EUROPEAN NOBILITY TITLES

The Role of European Nobility Throughout History
The concept of European nobility is deeply rooted in the feudal system which originated during the middle ages. Under this system, the noble class swore an oath to protect the sovereign from harm in exchange for a plot of land, which was usually shared land with medieval farmers indebted to the ruling lord. At the onset of what’s known as the Military Revolution, many nobles were deposed in favor of national armies, which overtook the protection duties from private armies usually commanded by knights.

Changes in Military Decreased the Role of Knights
Along with this loss of military influence came a decrease in the social standing of many possessing nobility titles. This decrease occurred on multiple levels, most notability due to a lack of economic authority. The reasons for this dwindling authority were compounded by the gains made by merchant classes during the Renaissance, who assumed much of the economic power through to the Industrial Revolution. (Become a knight)

Political Influence Continued Into the 19th Century
While the middle-class enjoyed an increase in influence due to its economic power, nobles retained some importance when it came to socio-political matters. Using the United Kingdom as an example, high-born nobles played an active role in governmental affairs up to the middle of the 19th century. This influence has been on the decline ever since, with nobles enjoying less and less status due to legislation aimed at curbing their influence.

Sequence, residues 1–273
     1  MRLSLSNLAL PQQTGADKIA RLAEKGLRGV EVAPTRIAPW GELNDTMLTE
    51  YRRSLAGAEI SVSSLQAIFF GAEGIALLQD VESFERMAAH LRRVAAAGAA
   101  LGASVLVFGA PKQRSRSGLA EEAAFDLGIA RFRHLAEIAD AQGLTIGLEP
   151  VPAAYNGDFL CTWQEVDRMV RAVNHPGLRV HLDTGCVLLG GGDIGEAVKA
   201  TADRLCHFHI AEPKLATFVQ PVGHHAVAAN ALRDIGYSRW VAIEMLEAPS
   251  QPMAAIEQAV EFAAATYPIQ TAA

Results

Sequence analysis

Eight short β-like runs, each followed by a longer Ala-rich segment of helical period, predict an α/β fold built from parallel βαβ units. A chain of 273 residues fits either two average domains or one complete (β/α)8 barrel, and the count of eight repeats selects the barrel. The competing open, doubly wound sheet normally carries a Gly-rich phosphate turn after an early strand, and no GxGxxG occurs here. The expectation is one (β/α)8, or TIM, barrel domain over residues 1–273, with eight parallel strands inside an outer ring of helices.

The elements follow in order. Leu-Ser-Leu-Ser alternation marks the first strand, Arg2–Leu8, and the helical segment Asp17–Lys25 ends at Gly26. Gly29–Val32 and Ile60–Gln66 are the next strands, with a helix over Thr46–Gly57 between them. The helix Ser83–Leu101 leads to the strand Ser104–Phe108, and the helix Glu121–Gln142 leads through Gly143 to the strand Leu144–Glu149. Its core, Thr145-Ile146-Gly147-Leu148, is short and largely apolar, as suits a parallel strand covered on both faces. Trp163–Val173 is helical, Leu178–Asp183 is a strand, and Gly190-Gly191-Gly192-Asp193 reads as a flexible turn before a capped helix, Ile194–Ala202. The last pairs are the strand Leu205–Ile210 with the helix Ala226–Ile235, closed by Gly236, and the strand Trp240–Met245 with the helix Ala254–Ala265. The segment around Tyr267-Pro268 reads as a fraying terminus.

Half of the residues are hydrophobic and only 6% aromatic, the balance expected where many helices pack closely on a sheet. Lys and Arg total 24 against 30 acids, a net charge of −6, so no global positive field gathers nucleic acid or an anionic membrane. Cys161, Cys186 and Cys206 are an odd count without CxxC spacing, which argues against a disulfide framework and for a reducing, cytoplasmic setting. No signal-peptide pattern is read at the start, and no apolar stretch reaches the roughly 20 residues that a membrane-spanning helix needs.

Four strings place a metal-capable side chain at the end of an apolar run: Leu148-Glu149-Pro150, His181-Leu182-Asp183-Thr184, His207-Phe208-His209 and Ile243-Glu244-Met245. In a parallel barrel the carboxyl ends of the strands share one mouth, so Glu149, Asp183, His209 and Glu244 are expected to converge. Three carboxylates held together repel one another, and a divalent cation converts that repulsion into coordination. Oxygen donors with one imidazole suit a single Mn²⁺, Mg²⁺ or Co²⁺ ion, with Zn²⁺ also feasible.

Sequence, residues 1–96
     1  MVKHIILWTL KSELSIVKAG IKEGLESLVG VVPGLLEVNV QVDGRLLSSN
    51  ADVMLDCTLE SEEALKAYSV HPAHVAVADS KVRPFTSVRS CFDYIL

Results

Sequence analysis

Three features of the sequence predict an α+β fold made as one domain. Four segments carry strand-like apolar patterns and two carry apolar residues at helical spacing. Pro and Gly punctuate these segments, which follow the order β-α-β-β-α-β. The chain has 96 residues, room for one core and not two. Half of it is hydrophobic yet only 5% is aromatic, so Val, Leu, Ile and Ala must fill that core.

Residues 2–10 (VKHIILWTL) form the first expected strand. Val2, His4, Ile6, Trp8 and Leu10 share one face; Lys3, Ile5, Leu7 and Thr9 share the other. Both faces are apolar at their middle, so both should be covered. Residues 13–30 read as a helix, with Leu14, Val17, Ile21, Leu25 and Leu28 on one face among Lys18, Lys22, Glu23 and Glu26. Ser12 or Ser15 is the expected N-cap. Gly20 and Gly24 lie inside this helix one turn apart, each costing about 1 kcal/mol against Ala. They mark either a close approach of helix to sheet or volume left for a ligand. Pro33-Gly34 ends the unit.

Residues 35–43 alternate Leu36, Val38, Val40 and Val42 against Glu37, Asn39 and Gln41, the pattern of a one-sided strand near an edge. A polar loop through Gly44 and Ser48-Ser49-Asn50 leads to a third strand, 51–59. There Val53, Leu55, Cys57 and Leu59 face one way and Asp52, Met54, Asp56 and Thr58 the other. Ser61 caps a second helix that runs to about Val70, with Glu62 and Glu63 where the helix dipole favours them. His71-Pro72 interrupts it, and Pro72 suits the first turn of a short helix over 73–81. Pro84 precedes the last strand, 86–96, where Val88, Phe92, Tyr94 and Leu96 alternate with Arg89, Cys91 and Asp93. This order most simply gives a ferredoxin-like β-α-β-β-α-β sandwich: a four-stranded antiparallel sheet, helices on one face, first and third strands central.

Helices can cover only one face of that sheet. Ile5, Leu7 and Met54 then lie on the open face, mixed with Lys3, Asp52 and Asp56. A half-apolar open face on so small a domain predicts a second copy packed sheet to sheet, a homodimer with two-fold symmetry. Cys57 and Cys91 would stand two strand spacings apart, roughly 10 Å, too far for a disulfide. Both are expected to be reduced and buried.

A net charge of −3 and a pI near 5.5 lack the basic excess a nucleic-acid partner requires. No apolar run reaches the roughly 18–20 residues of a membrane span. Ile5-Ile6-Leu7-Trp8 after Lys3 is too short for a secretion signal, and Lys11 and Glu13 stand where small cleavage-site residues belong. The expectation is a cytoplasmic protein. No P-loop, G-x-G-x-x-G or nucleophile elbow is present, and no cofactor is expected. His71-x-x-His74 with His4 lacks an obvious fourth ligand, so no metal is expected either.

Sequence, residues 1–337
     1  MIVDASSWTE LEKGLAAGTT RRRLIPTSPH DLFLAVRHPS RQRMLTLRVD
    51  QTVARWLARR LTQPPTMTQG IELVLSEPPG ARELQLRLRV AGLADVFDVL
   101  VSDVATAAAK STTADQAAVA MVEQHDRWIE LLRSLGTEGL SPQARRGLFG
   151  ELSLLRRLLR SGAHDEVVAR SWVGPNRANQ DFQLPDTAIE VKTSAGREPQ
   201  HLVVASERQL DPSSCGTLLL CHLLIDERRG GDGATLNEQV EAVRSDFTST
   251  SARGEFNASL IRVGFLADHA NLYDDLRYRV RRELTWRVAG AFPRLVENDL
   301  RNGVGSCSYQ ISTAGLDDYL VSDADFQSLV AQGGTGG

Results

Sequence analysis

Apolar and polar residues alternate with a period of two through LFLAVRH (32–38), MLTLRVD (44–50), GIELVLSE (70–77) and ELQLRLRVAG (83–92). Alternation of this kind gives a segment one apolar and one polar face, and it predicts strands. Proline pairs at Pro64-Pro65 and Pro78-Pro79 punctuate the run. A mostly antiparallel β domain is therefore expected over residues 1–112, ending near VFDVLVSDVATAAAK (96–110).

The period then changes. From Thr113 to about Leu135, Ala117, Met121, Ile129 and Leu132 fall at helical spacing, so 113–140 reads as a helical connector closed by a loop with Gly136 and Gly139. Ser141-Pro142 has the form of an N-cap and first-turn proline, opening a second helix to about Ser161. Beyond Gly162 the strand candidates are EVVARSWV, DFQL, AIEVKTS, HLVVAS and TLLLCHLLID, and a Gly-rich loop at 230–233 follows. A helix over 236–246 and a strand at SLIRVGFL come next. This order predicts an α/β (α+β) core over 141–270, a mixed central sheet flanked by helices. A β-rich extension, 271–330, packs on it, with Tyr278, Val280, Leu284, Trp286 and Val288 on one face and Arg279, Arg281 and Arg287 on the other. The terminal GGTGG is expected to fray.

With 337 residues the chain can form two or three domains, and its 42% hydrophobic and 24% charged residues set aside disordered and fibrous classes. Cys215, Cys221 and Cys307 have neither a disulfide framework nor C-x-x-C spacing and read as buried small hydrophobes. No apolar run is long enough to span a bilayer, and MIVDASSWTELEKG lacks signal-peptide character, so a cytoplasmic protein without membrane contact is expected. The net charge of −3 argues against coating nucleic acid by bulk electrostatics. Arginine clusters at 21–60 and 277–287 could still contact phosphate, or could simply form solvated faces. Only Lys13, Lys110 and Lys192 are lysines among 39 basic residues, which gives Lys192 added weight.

Nobles vs. General Population
Some countries contained a higher percentage of nobility than others. The Polish-Lithuanian Commonwealth featured a whopping 15% of nobles during the 18th century, while the Castile region of Spain boasted 10% noble births when compared to the general population. Other countries contained a less robust collection, such as Russia, which counted approximately 3% of the total population as nobles. Pre-revolutionary France also contained a relatively low percentage, with just 1% of the population, while Sweden counted only .5% of its population as nobles in 1718.

Defending Territories Led to New Opportunities
Warfare was common in the heyday of the noble class, and this warfare usually centered on impeding ethnic outsiders from invading one’s land. This was especially true on the western and eastern frontiers of Europe, where marauding warriors would sometimes make their stands against the noble classes. This introduced a new class of noblemen as more and more men were called up to defend these terroritories. These same men also gained wealth in the form of the many spoils of war collected during their battles. During the 18th century, of the 190 million Europeans, approximately 4 million were nobles.

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